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In an unusual move, Spotify will list itself directly on the New York Stock Exchange, bypassing Wall Street banks and brokers to save hundreds of millions of dollars. The company is valued at roughly $19 billion dollars.
Music streaming service Spotify filed for a direct listing of its shares on Wednesday. CEO and co-founder Daniel Ek acknowledged the move on his Twitter account.
Spotify did not mention a listing price for its shares in the filing or say how much it would list. The company is valued at roughly $19 billion (€15.6 billion) according to Reuters calculations based on the filing.
Launched in 2008 and available in more than 60 countries around the world, Spotify is the biggest music streaming company in the world.
The papers that were filed with the US Securities Exchange Commission offered the most detailed look yet at the finances of the ten-year-old company. It said it had 159 million monthly users including 71 million paying subscribers — twice that of closest rival Apple Music.
"While streaming has changed the way many people access music, we believe there is an untapped global audience with significant growth potential," said Ek.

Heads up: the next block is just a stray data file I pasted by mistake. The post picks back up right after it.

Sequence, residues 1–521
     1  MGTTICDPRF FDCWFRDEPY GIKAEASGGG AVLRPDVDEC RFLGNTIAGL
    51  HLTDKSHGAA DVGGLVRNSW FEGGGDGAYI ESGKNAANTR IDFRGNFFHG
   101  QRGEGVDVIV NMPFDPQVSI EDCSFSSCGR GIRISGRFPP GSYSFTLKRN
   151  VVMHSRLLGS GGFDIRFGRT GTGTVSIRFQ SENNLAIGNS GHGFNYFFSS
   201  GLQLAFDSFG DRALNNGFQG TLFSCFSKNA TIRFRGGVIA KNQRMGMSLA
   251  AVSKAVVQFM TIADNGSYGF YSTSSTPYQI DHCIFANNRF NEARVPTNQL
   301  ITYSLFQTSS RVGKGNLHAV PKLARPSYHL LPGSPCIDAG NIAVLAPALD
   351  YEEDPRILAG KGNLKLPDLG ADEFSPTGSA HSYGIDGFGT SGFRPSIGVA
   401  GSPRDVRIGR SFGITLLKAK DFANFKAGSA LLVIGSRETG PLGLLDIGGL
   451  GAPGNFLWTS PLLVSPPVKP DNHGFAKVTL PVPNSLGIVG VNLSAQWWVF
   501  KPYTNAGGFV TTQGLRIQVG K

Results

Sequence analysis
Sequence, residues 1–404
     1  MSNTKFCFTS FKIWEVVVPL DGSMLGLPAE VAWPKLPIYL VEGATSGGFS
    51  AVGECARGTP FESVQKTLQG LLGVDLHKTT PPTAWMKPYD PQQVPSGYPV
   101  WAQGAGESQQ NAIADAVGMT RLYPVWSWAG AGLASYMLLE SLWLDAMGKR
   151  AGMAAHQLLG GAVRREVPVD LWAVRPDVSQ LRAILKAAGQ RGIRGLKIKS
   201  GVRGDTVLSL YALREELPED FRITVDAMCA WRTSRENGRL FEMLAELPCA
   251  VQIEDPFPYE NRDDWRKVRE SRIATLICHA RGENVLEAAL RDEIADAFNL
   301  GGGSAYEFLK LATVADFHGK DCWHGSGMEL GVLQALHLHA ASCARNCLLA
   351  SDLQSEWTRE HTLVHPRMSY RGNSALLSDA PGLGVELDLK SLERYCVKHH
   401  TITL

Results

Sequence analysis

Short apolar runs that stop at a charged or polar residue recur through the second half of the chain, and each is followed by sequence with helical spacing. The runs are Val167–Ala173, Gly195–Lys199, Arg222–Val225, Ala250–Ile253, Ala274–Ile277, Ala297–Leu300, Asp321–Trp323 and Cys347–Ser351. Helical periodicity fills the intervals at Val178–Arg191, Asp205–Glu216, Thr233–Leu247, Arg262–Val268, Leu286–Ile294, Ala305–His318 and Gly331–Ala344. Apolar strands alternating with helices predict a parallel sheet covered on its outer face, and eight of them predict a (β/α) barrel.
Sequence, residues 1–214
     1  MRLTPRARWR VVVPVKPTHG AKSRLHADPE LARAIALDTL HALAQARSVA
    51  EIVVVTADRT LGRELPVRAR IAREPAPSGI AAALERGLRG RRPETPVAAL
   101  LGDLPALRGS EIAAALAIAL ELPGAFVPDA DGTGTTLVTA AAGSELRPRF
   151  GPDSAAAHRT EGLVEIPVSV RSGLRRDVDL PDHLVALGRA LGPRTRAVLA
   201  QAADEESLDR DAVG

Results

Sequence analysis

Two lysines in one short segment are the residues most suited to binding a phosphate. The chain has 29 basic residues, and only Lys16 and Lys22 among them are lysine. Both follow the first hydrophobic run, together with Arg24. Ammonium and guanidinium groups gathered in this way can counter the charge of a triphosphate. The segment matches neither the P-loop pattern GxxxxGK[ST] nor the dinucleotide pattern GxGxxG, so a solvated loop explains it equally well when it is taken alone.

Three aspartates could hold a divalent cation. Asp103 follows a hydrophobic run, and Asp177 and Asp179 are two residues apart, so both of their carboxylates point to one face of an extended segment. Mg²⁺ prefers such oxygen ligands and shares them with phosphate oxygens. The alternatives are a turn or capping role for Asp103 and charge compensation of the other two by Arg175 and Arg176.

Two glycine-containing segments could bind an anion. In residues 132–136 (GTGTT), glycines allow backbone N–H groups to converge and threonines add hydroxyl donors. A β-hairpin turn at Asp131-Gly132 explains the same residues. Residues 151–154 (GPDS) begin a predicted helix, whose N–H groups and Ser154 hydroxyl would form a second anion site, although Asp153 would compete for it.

Music streaming is big business
Apple Music which launched in 2015 has 36 million paying subscribers. Amazon's music streaming service has 16 million paying subscribers.
According to the papers, revenue for Spotify jumped 17 percent in 2017 to €4.09 billion up from €2.95 billion a year earlier. Its operating loss widened to €378 million in 2017 from €349 million a year earlier.
Its net loss, however, increased 129 percent in 2017, driven mostly by on-paper financing costs related to a 2016 deal in which Sweden-based Spotify raised $1 billion in debt that would convert to shares upon an initial public offering.
The company is seeking to list its ordinary shares on the New York Stock Exchange under the ticker symbol "SPOT."
Spotify is based in Luxembourg.
av/rc (Reuters, AFP, AP)